A guest post about backpacks
Johannes Flem designs backpacks for Bergans of Norway. Despite Bergans having a crazy long history of designing interesting backpacks, Johannes and the team haven’t stopped trying to progress things. This is the first of two posts where we will get taken through a recent project the team has tackled, and hopefully learn a little about better backpack design in the process. We hope you enjoy…
Johannes: There are many unanswered questions in the world… did the chicken or the egg come first?… was there really an Atlantis? But none of these are really going to affect your daily living if you never find out the answer to such questions.
However, there is one question that demanding backpack users around the world should want the answer to, which would have a significant impact on their carry activities – why are backpacks designed in a manner that results in such restriction to the body’s natural movements? And following on from that, is there a design out there that could solve this problem?
In order to understand the problem better, it’s useful to go into a bit of motion detail right about now…
The act of walking involves numerous movements but as soon as you put on a backpack designed for some serious outdoor adventuring, your body movement becomes restricted.
Sometimes when walking in rugged terrain it is necessary to slacken the pack’s hip belt in order to prevent it moving around excessively through large hip movements. These kinds of movements can be better allowed for through a variety of pivoting hip belts that are available, but the problem is that the back involves many other movements as well. The spine does not rotate around a single point (like these hip belts) and there are all sorts of motions such as bending, twisting, displacement, as well as motion from the shoulders thrown into the mix.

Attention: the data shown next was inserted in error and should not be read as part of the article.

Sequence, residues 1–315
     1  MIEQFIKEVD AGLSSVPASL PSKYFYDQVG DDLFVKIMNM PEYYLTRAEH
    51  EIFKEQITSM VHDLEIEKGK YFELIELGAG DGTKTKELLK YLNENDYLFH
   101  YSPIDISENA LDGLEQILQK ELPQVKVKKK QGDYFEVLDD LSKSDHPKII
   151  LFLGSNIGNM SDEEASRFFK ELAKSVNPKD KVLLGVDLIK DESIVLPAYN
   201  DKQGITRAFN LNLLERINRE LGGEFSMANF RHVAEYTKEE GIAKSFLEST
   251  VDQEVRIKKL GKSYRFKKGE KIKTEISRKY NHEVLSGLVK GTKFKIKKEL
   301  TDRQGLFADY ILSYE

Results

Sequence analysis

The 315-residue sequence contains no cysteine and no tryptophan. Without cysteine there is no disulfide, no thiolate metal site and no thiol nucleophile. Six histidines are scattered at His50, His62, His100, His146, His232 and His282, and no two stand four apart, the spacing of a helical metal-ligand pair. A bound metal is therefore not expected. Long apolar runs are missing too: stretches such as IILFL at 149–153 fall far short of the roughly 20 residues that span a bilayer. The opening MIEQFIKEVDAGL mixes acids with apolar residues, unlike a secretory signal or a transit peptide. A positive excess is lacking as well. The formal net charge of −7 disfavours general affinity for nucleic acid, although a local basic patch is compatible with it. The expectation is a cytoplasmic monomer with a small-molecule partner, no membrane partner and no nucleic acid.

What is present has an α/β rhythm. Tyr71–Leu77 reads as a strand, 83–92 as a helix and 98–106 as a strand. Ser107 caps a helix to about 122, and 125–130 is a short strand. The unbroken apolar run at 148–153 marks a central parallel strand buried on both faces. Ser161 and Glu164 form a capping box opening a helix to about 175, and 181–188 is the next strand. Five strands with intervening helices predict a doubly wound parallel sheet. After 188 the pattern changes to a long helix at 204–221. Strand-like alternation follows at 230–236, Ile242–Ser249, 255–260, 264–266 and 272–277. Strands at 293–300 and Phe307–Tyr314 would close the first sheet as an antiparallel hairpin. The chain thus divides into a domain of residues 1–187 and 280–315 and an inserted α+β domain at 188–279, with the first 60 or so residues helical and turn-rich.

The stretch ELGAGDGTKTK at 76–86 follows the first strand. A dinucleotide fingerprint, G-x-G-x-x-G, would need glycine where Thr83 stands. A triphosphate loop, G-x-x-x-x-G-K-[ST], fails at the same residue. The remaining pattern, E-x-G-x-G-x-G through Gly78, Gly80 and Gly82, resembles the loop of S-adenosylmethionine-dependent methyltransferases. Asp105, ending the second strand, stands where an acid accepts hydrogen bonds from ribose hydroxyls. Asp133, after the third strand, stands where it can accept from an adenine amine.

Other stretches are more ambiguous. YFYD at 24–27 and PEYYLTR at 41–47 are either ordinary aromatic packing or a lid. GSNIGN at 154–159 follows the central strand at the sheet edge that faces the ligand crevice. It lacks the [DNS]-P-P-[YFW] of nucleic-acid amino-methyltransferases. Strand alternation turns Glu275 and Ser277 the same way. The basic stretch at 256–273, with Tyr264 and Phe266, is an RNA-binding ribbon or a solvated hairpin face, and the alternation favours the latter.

If you want an awesome way to picture these motions, you can have a play here. It’s a super cool site that lets you play around with character traits that highlight how the human body moves with regards to a range of factors.
As you might notice when playing with the link, shoulder and hip joints describe a kind of ellipsoid path in space (for example, imagine what a person walking on a treadmill looks like), and that means that in addition to going up and down, they are designed to move forwards and backwards.
To make the backpack problem even more complicated to solve, the majority of people swing their right hand forwards as they put their left leg forwards, which effectively twists the body.
You thought that was the extent of the problem? Well think again. When people bend forwards whilst wearing a backpack (for instance when walking uphill or bending to pick something off the ground), the back is stretched somewhat. However, generally there isn’t much extension available with a backpack, so again, the body ends up fighting the pack.
To crown it all, many packs don’t offer any form of shock absorption and when you’re out and about scrambling up and down mountains, this kind of thing could come in pretty handy.
So what’s the solution, you ask? Well suffice it to say you’re going to have to stay tuned to find out via the next post in this series.
Oh alright, we’ll give you a teaser…(and yes, the seal was totally instrumental by contributing to an awesome testing ground).